And General Petraeus does his job for less than $250,000 per year.
I say nationalize all corporations that benefit from any government bail-out, and immediately rescale all executive salaries to correspond to salaries paid in the United States military. If senior business executives dont want to work for $250,000, then let them walk. Every year a considerable number of military officers, above the rank of major, but below the age of fifty go into retirement. Why cannot we dip into this reservoir of talent to replace the parasites that are currently leeching off the taxpayers? This question is somewhat rhetorical, for retired colonels and brigadiers are not the only pool of available talent. There are other persons in this economy, besides younger military retirees, who are capable of running businesses and industries for reasonable salaries. But the candidate pool for a nationalized business or industry would logically include military retirees, many of whom have demonstrated administrative ability along with their records of commitment to public service.
* * * * *
Obama on Nationalizing Banks and the StimulusE.J. DionneWhen even Sen. Lindsey Graham, a solidly conservative Republican from South Carolina, says he would not take off [the table] the idea of nationalizing the banks,” something big is happening. And it turns out that while President Obama isnt inclined to nationalize the banks, at least not yet, he hasnt taken that idea off the table either.
Graham made his comment today on ABCs This Week. Obama spoke about temporary nationalization during an interview Friday with a group of columnists he had invited to travel with him. The journalists on Air Force One were Ron Brownstein, Bob Herbert, Clarence Page, Kathleen Parker and me.
Tomorrows column has more on our interview with Obama. But the presidents comments on the banks play right into an ongoing debate — see the excellent piece in todays Post by Matthew Richardson and Nouriel Roubini — so Im posting Obamas answers in detail because his words will influence the outcome of this debate and how the markets respond. WashingtonPost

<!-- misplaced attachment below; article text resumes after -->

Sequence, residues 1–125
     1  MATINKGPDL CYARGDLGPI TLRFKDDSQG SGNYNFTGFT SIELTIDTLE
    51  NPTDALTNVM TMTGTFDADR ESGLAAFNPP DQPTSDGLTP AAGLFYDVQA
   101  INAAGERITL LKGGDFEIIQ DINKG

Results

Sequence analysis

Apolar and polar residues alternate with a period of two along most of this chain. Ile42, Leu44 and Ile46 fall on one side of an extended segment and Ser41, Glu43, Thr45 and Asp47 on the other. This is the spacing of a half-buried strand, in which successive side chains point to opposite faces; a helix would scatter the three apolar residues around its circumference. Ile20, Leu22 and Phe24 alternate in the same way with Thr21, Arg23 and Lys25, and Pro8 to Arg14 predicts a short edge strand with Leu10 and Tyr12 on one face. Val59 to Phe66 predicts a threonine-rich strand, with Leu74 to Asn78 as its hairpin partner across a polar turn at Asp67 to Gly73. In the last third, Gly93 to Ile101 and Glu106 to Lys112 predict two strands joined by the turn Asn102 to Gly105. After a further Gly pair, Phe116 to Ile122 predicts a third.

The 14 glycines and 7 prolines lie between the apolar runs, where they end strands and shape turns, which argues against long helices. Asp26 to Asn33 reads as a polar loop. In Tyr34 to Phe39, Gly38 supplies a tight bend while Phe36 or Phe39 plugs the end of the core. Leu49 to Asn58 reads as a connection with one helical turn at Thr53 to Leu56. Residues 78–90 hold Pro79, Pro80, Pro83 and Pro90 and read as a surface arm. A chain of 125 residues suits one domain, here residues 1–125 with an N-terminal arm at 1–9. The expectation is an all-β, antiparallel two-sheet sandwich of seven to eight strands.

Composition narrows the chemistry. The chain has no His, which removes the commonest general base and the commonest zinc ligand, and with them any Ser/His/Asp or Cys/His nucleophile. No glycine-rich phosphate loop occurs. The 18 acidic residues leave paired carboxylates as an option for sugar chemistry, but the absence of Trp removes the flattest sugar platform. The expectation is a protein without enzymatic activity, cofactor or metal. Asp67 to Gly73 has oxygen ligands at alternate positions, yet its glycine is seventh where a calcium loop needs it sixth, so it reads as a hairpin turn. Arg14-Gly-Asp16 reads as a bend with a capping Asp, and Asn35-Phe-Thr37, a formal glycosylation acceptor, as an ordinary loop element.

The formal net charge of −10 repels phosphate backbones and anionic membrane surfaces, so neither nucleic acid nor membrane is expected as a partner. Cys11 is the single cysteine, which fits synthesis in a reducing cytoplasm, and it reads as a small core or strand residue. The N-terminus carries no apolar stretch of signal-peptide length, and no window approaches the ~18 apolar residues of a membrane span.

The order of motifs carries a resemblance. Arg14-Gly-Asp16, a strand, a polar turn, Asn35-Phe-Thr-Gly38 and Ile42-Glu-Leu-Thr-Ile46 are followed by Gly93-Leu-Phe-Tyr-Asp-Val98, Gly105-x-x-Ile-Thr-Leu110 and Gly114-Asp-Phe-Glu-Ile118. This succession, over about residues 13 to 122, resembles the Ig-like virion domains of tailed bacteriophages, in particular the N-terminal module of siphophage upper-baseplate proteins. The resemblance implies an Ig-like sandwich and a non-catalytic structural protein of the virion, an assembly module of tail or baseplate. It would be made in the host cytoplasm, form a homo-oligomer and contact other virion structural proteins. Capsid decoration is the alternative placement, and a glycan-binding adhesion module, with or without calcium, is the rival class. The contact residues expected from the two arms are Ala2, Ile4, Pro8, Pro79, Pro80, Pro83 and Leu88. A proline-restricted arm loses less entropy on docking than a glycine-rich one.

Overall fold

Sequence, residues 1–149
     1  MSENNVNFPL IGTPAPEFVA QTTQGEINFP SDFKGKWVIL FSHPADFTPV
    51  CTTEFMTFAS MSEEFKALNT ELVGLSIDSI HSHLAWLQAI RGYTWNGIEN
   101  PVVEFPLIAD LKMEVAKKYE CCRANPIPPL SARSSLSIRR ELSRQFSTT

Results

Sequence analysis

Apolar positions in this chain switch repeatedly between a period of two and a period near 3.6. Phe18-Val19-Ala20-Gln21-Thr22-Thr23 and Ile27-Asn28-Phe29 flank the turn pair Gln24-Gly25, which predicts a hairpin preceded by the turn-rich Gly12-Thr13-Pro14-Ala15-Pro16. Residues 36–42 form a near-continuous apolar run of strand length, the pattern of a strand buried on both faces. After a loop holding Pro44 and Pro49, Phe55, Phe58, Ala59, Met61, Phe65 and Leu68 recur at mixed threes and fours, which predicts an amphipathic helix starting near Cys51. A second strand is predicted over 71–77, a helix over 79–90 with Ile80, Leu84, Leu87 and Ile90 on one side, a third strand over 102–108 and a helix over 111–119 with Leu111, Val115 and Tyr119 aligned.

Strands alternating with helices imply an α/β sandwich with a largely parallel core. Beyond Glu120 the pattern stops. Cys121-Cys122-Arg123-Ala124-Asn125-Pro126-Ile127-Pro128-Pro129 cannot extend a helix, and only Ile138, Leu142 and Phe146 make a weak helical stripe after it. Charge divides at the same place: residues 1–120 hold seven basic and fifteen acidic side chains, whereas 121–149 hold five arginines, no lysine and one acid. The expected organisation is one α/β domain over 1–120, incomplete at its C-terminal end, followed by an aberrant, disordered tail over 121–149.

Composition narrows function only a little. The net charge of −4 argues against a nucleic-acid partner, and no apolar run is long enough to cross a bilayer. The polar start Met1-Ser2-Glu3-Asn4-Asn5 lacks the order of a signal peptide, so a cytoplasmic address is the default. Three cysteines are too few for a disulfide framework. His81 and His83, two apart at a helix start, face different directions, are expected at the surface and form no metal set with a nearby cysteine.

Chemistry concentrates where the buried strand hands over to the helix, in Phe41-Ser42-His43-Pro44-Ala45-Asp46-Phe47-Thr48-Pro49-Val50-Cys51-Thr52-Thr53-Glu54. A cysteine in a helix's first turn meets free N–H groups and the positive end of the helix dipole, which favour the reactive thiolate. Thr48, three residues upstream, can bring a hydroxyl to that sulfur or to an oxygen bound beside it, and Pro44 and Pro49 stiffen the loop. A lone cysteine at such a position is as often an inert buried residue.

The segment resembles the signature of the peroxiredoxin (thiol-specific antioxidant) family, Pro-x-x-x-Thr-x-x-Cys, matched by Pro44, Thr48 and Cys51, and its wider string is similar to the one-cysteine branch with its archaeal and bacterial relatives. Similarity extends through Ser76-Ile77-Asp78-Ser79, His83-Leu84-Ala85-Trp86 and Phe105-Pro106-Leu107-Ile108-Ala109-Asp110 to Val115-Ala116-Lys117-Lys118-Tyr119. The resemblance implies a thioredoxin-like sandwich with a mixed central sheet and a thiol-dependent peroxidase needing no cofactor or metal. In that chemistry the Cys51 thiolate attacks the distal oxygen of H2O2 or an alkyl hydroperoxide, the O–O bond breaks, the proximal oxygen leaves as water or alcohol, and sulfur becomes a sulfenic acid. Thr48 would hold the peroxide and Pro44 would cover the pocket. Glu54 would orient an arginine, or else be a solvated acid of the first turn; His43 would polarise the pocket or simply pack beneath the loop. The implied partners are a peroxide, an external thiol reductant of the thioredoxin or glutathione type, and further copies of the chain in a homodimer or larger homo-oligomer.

* * * * *
Nationalize the Banks! We’re all Swedes NowMatthew Richardson and Nouriel RoubiniThe U.S. banking system is close to being insolvent, and unless we want to become like Japan in the 1990s — or the United States in the 1930s — the only way to save it is to nationalize it.
As free-market economists teaching at a business school in the heart of the world’s financial capital, we feel downright blasphemous proposing an all-out government takeover of the banking system. But the U.S. financial system has reached such a dangerous tipping point that little choice remains. And while Treasury Secretary Timothy Geithner’s recent plan to save it has many of the right elements, it’s basically too late.
The subprime mortgage mess alone does not force our hand; the $1.2 trillion it involves is just the beginning of the problem. Another $7 trillionincluding commercial real estate loans, consumer credit-card debt and high-yield bonds and leveraged loansis at risk of losing much of its value. Then there are trillions more in high-grade corporate bonds and loans and jumbo prime mortgages, whose worth will also drop precipitously as the recession deepens and more firms and households default on their loans and mortgages. WashingtonPost
* * * * *
Five Ways to Restore Financial TrustBill BradleyTrust a market approach first to deal with the bad assets. Given the complexity and opaqueness of derivatives such as collateralized debt obligations, mortgage backed securities, and the $60 trillion of credit default swaps, the best way to set their value is to let independent, knowledgeable investors who are willing to put their own money on the line negotiate the price and buy the toxic assets from the banks.